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increased. >> translation: a crime against journalists is a double crime. it's a crime against the people who - i repeat - were coldly assassinated in despicable conditions. it's a crime against freedom to inform or be informed. >> french president francis hollande has demanded a reappraisal of security in mali. . the journalists were in mali to cover preparations for parliamentary elections there. >> m23 rebels called for a ceasefire in a war with the conningo lease government. the group is made up of deserters. after 20 months of war they've been driven from all the villages they controlled. as the war appears to drive down, evidence of mass executions are popping up on the country's border with uganda.
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malcolm webb for al jazeera reports. >> this patch of bush next to a former m23 rebel base looks like any other. something more sinisterster lies within. this soldier leads us to the body of a man laying in a shallow grave. >> he died recently. the smell is unpleasant. it looks like he was tied up with his arms behind his back and legs together. there's blood coming from his head. he looks like he was executed. >> four more bodies were visible before rain buried them in mud. there were many more throughout the surrounding bush. it's next to a barracks that the rebels took from the government a year ago. a few days ago the rebels fled and the army moved in. rebels who surrendered said the m23 executed prisoners before it
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left. >> we tried to contact m23. they have not answered phone calls since government forces fought them back in the last few days. >> the people in the villages around the base say living under the m23 rule was tough. rebels were cruel. >> they have prisoners there. we heard they killed the prisoners, they killed them all. >> they would beat people for nothing, arrest them and make them superior. >> the world's largest peace forces have helped the government fight m23. the u.n. hasn't managed to stop atrocities in the 14 years that it's been here. they'll find out what happened. >> we all know that bodies have been found in the area. the area has been controlled by m23 for one year, and that he has been taken by the army a few days ago. on the u.n. side we are forming
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a team which will investigate, and from the results we'll tell you what was discovered. >> the government says its vetting too. war crimes are common in congo's conflicts. the full story may never be uncovered. . peace talks between the conningo lease government and m23 rebels broke down 10 days ago, now the congolese government dispatched negotiators to uganda to try again. >> around the world 150 children have lost one or both of their parents. many live in orphanages, or on the streets. for every three months the children live in orphanages experts say they lose a month of developmental skills. for the past five years the christian alliance for orphans organised orphan sunday, an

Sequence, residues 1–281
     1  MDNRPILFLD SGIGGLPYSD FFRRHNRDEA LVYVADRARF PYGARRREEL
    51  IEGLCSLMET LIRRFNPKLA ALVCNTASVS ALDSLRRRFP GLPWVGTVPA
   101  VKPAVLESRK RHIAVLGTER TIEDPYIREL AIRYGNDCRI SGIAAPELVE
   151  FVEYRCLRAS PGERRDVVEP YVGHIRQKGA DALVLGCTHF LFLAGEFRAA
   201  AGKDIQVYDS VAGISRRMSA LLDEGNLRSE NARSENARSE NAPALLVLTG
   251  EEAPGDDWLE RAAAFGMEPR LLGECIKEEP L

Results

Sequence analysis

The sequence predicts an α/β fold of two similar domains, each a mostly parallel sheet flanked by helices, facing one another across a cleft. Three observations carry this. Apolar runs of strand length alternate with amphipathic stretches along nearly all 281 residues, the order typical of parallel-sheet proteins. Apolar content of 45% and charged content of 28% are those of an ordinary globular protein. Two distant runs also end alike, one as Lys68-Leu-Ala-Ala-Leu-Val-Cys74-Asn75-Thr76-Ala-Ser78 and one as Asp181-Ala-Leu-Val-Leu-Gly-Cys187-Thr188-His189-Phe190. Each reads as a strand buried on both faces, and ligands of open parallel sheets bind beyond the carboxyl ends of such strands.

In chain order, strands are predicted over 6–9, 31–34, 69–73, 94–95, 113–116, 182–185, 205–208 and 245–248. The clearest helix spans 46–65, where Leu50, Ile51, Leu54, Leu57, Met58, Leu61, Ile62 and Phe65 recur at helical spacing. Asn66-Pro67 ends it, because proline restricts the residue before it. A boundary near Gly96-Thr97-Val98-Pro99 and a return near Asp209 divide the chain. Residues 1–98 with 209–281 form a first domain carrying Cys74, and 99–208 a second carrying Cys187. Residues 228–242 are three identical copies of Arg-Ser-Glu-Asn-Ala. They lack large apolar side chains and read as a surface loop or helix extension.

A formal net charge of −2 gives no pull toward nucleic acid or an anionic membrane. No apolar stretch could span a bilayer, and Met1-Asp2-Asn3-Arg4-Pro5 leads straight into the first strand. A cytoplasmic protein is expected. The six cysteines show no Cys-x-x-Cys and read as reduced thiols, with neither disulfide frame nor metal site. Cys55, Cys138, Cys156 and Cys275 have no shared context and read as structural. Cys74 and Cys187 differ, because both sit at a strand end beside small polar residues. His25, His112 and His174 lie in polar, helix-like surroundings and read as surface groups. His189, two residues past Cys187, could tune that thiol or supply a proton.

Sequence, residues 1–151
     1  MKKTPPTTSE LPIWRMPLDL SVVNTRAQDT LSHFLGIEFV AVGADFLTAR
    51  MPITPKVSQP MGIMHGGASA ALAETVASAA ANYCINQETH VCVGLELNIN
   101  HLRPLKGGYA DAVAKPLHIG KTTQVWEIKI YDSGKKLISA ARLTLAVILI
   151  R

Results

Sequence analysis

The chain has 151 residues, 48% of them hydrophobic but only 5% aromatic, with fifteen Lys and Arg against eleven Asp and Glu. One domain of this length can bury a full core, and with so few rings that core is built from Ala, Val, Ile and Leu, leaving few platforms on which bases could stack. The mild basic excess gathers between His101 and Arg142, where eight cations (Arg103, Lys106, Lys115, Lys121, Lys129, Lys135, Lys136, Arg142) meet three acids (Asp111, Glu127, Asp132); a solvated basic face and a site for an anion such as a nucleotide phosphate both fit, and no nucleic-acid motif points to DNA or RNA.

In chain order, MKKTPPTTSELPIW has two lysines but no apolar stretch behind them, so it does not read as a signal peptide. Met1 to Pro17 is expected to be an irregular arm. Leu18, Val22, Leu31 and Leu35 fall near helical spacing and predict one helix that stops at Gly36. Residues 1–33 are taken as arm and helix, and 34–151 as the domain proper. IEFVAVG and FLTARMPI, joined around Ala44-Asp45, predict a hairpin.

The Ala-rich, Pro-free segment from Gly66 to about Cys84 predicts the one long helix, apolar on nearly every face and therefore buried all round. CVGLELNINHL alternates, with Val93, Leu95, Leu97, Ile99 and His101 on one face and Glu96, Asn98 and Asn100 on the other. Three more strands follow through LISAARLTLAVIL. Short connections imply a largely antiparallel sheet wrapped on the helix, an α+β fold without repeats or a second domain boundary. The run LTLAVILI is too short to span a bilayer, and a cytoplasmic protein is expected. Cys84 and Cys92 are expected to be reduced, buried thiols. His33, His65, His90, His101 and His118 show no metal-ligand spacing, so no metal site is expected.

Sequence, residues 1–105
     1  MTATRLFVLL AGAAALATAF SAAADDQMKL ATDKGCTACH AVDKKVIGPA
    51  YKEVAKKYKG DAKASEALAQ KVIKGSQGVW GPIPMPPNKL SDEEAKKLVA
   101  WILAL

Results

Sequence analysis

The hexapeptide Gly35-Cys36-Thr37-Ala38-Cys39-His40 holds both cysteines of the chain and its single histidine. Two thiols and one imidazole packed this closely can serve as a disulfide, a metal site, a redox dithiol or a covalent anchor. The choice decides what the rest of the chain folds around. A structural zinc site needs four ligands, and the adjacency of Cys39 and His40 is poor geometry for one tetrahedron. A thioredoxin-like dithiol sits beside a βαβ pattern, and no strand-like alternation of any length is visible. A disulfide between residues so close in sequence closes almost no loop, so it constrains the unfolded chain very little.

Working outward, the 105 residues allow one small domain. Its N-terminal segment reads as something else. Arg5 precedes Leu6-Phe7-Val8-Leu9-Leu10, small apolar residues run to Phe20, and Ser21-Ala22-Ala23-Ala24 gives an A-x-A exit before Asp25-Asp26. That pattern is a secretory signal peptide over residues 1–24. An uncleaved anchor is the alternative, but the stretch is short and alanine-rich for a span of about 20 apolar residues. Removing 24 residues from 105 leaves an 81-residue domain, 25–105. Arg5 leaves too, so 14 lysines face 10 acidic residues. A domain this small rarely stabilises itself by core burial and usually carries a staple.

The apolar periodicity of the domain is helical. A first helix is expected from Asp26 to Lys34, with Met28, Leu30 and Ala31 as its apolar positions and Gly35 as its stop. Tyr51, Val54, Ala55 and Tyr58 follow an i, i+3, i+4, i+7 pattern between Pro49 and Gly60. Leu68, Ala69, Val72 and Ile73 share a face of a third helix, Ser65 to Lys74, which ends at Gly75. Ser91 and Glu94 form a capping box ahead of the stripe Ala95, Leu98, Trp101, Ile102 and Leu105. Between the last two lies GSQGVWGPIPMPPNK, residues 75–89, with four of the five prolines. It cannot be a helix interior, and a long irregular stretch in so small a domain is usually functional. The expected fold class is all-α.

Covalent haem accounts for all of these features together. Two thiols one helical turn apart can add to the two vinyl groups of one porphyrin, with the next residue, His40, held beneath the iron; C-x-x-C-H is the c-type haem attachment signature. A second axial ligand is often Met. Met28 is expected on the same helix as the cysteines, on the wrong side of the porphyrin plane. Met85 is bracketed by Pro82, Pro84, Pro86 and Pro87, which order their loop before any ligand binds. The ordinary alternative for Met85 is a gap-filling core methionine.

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event encouraging christians to adopt or support needy children. we have this report. this week the event drew thousands of evangelicals across the country. >> this woman attends service at her evangelical church, life with life and shared her journey of adopting two children whilst living in brazil. as a coordinator of orphan ministries, she encourages others to do the same. >> we got to thinking what might happen to the other kids that don't have the same situation as our children. >> as many as 145 million children around the world have lost both their parents. >> we bring awareness for everybody that they need to be adopted - not only to be helped, but actually the main help we can do is to adopt them.
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>> her church also assists with foster children in florida, supporting a home for foster kids called his house. >> to raise funds for his house and other orphanages to help them, you know, bring awareness, that love, bringing whatever they need that we can provide, god has given us. >> churches in more than 30 states in 50 nations celebrated this year. some critics accuse the evangelical movement of ignoring child trafficking or exploitation. organizers acknowledged the concerns, but a statement from the christian alliance for orphans said they missed broader point: >> a liaison for miss house, a faith-based ministry in south florida does not dispute
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allegations, but says her organization has a thorough adoption vetting process. >> it's a sad story if those facts are there - and i am sure they are. it's not the history his house has. we try to protect them. >> the spokeswoman for his house ads that in 25 years of ministry they've never had a single parent accused of abuse. a recent study by the don ald son adoption institute warns against online groups offering children for adoption. >> a significant part of thai culture facing a threat. how a popular form of fighting could deliver a knockout to a 500 year old tradition. >> political upricing in the east gives an artist fuel for his passion. >> and a special solar event